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New or resale house? The pros and cons

Posted by on Jun 17, 2011 in Investments, Moneyville | 0 comments

By Sheryl Smolkin

Read this article and comments at Moneyville.ca 

After renovating an old house and then buying a new house in the suburbs, we think we finally got it right with our current home which is close to the Finch subway station.

Ten years ago, the builder assembled three large lots with small bungalows, tore them down and built five new two- story detached homes. We got the end unit surrounded by a park. We have an energy efficient furnace, the house is fully wired for Internet and it was a lovely blank, clean canvas to decorate.

I thoroughly enjoy working at home in my cheerful, bright office. When I do have to go downtown for meetings in off peak hours, I walk to the subway in five minutes and I always get a seat.

But whether to buy a new house or a resale is a very personal decision. Here are a few of the things you should consider before making up your mind.

Location:
If you want to live in a built up neighbourhood, close to public transportation you will generally opt for a resale home. Unless you can get an infill house in an old neighbourhood, new homes tend to be in a suburban area which can mean a much longer daily commute.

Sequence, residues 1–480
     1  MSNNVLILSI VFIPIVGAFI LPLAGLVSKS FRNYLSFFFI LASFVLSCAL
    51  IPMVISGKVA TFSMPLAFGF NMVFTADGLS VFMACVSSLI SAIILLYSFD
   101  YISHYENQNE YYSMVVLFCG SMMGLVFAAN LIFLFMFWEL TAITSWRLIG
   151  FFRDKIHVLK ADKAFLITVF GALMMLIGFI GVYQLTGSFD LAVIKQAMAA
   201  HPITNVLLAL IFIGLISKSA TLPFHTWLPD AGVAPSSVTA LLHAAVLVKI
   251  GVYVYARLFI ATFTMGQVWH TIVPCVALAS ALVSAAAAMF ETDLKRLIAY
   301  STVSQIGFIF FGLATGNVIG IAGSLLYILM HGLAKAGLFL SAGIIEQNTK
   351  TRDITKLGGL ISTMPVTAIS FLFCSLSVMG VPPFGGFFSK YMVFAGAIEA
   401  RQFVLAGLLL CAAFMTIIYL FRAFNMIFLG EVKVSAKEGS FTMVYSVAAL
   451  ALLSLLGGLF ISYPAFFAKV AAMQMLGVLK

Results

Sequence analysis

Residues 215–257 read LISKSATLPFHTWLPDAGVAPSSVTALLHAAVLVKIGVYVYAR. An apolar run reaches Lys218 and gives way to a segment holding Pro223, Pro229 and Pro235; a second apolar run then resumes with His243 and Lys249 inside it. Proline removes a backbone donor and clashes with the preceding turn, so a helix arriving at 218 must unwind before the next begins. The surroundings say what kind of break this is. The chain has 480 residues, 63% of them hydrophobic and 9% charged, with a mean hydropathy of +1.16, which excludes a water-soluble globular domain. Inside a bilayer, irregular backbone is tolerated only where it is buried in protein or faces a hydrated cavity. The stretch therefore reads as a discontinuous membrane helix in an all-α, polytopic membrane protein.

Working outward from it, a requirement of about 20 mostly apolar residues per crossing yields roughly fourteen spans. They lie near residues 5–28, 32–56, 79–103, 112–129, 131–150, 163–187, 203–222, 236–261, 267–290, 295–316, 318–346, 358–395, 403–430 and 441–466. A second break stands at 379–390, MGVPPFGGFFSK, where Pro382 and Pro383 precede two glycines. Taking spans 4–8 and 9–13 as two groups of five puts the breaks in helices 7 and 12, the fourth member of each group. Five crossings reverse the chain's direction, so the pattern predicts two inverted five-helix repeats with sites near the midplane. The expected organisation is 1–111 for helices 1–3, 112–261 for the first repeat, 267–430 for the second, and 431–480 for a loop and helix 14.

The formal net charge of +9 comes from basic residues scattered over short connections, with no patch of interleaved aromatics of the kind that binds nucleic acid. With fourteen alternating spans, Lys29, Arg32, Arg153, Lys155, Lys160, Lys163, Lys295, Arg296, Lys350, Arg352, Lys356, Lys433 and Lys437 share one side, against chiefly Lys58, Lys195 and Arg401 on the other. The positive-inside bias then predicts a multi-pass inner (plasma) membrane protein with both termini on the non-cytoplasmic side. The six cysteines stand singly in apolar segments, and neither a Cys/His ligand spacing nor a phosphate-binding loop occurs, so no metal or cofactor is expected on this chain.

Cost:
In a new development you will typically get more house for your money. But depending where you work, you also have to figure in the cost, wear and tear of an hour or more of travel each way. Furthermore, resale homes generally already have paved driveways, fences, decks and landscaping which you will have to shell out for on top of the initial purchase price of a new home.

Layout:
Older homes often have traditional layouts. It may be possible to add another bedroom, an ensuite bathroom, an upgraded kitchen or a main floor family room.  However, renovating can be hard on both your nerves and your wallet. When you buy a home from the plans, you can select the layout you prefer and in some cases you can even customize. You also get to chose from a broad selection of paint colours, kitchen cabinets, counter tops, carpet and flooring.

Maintenance:
Upkeep for an older home can be more expensive because of older appliances, plumbing and electrical systems. You may need a new roof or a new furnace  sooner than you think. Old windows and inadequate insulation can drive up heating bills. In contrast, every new home in Ontario is protected by a mandatory warranty provided by the builder and guaranteed by Tarion.

What I’m hoping is that someone will decide to build new, affordable infill bungalows close by so for the next chapter we can have the best of all worlds – a new home on one floor in an established neighbourhood that is also accessible to public transit.

And the icing on the cake would be if our wonderful neighbours keep their promise to buy the house next door.

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